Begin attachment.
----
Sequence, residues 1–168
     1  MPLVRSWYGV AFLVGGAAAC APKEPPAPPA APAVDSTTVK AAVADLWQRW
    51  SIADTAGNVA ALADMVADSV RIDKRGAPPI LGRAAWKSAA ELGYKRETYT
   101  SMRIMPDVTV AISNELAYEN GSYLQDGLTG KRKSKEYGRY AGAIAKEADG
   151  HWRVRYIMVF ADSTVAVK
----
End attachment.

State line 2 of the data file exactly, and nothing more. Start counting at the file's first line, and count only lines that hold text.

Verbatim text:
     1  MPLVRSWYGV AFLVGGAAAC APKEPPAPPA APAVDSTTVK AAVADLWQRW